Image: January 2, 2023, 7:23 am, Loveland, Colorado.
Last night’s dusting of snow almost covered my footsteps in the snow from the storm a few days ago. I stepped across the field in the same divots my feet made the previous mornings. Earlier a rabbit followed my footprints, its tracks parallel to mine. Gossamer fog obscured the housing track in the distance creating the illusion that the prairie could extend forever in the ubiquitous soft periwinkle light without any human interruption.
This wasn’t meant to be a project. It was merely something to do when the human world was so surreal. We were shut inside. We weren’t supposed to see our families and friends. The doors to our jobs were locked.
The outside world continued without interruption. The birds flocked and migrated. Trees lost their leaves in the fall and grew new ones in the spring. It rained. The sun rose every day.
It was a little thing to do, a grounding thing. I would walk outside, face east, and take a photo of the sunrise with my phone. I would witness a natural rhythm and pattern each day as the sun made its appearance, record a moment in time and place, and send it off to the digital world.
It wasn’t a project so I didn’t give it much thought or planning. I just did it.
Soon I tried to anticipate when the “peak” sunrise beauty would be and take the photo then. It became a game about predictions and judgments. It was subjective. It was impossible. And it quickly traveled far away from being a witness to becoming a critic.
I started paying more attention to the time of the actual sunrise. I set my alarm. Each day I check the time of sunrise on a weather app. One day I used a different weather app and I noticed that the time reported by each app was slightly different. Is the time of sunrise subjective too?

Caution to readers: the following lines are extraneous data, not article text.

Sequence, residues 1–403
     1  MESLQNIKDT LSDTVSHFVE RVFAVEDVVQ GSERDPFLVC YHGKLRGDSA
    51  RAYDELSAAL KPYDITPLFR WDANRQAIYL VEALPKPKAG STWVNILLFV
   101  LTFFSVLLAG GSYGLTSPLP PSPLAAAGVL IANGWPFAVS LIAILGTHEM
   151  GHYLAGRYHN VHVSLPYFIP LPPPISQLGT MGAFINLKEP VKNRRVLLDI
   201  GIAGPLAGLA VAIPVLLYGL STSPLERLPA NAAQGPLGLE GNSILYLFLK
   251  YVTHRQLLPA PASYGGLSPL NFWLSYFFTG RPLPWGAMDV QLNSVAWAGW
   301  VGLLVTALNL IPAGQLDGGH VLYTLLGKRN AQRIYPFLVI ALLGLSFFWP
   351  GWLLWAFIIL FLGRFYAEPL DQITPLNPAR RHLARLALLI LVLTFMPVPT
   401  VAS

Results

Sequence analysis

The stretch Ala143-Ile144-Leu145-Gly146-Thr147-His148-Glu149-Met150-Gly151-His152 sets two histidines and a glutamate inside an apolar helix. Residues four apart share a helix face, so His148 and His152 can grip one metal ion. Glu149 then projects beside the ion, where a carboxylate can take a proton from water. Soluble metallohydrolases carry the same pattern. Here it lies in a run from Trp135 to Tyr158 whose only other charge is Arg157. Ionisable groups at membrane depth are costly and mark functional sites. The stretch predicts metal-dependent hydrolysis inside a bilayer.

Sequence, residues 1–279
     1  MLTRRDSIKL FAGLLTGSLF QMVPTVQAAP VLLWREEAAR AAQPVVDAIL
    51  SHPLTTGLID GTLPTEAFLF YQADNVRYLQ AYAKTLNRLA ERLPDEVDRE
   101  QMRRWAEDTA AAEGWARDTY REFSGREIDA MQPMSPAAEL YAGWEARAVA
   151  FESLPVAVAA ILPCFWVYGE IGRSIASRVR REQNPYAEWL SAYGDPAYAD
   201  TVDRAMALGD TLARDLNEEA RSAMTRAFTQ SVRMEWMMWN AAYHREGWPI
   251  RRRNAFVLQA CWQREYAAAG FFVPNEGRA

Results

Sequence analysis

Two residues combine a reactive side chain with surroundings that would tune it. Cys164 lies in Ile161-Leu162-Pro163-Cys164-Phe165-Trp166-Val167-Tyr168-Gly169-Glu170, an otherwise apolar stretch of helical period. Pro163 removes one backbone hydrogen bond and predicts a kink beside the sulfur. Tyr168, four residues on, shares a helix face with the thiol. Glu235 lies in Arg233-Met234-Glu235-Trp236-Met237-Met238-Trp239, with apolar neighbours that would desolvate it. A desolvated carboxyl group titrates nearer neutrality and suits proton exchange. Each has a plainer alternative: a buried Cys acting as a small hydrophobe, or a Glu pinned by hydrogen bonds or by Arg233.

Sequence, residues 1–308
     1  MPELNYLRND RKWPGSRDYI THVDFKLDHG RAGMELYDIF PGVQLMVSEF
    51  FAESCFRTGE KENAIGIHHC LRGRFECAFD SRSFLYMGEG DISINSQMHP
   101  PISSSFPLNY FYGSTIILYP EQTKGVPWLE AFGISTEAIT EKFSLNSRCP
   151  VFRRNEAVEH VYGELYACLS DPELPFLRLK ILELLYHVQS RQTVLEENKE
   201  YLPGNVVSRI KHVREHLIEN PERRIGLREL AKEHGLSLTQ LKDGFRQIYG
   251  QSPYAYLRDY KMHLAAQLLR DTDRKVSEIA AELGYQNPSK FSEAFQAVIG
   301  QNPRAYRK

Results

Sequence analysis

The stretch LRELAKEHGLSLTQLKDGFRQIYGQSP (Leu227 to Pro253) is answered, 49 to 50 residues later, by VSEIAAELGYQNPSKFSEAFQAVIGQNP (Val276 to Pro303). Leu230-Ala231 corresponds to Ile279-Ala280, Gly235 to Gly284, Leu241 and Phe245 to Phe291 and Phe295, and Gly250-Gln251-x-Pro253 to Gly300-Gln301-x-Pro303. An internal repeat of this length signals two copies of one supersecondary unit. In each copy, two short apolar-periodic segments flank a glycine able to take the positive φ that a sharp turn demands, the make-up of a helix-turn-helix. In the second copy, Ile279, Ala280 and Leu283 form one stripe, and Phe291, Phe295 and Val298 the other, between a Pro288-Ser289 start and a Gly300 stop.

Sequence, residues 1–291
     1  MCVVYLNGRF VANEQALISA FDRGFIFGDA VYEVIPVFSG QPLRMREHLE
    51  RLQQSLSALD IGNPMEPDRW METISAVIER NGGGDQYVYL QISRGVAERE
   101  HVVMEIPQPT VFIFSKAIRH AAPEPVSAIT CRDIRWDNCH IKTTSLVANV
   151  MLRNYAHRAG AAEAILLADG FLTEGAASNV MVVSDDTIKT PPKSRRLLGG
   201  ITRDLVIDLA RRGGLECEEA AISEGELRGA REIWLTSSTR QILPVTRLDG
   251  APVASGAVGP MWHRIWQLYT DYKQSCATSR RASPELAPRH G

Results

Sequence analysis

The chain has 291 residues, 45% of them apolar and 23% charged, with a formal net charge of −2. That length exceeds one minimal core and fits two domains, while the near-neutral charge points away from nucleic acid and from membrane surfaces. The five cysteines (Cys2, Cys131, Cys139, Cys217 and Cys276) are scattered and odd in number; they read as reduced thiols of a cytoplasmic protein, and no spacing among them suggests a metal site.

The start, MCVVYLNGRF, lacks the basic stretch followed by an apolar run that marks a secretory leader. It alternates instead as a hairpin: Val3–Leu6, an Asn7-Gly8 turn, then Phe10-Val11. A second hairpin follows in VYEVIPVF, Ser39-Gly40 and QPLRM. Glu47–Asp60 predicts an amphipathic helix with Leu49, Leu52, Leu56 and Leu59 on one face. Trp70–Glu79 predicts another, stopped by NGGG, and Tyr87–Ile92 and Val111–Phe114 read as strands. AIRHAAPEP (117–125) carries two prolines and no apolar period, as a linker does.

This opened the opportunity to be lackadaisical about the time I go out to take a photo. One day I could be a little early, the next day a bit late. It didn’t really matter much.
At one point I started to correct the camera’s color errors using Adobe Lightroom. I held my phone’s screen in front of me against the sky and compared the color and the values on the screen to what the sky looked like. However, the sky is not a backlit screen with a limited palette of pixels. The sky also changes constantly and the sky I compared my photo to was never the same sky as the one I captured on my screen.
Because it was not a project, I was slow to correct my inconsistencies. Yet they nagged.
I am two days into the third year. I use the same app to check the time of sunrise each day. I set my alarm. I take a photo at the time my app reports. I don’t correct the colors. This year a more true pattern will emerge.
When I was looking for optimal sunrise beauty I began to create a habit of going outside at sunrise. When I was imprecise I had a routine. Now I have a procedure. It’s not complicated, it is simply consistent. The simple parameter of a system makes what I am doing slightly more objective. It gives me space to do other things, to see other things when I follow a system. It seems to be a contradiction that following a procedure can be liberating and give a sense of expansion.
If I let it, a procedure can become the foundation of a ritual. When a ritual is honored, it has the potential to open a door to the unexpected.
Sunrise is no longer a habit or a routine. This year I have designated it as a project and it is now housed along with my formal projects on my website. It is a ritual.